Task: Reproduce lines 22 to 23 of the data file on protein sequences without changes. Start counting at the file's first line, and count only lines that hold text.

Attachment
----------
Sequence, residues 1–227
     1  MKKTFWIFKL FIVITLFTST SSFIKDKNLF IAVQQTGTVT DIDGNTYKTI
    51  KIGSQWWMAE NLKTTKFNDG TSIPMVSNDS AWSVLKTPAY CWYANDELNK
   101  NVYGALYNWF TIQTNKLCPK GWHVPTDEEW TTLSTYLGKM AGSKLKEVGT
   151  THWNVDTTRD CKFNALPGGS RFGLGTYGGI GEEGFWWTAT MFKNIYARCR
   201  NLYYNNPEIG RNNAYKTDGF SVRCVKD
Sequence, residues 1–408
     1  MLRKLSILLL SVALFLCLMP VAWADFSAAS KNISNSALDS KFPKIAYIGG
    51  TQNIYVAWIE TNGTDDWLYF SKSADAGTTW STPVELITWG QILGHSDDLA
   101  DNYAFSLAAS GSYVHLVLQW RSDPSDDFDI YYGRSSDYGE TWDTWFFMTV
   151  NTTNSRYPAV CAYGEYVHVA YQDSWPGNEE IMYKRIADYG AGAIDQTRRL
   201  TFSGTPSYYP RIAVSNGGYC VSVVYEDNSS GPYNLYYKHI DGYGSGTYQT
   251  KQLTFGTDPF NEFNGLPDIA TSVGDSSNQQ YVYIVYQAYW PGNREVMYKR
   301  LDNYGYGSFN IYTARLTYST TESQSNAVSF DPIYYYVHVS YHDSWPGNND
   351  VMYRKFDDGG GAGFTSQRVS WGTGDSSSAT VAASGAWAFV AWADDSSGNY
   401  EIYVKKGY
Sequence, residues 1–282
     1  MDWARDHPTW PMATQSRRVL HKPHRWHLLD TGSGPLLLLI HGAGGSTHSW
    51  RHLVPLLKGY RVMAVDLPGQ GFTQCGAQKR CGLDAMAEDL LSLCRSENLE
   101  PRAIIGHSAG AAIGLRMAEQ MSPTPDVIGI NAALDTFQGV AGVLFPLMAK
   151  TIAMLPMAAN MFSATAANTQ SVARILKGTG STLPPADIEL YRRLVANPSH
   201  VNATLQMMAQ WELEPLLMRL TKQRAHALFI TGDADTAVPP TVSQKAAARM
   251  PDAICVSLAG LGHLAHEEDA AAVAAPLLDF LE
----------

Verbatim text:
   201  VNATLQMMAQ WELEPLLMRL TKQRAHALFI TGDADTAVPP TVSQKAAARM
   251  PDAICVSLAG LGHLAHEEDA AAVAAPLLDF LE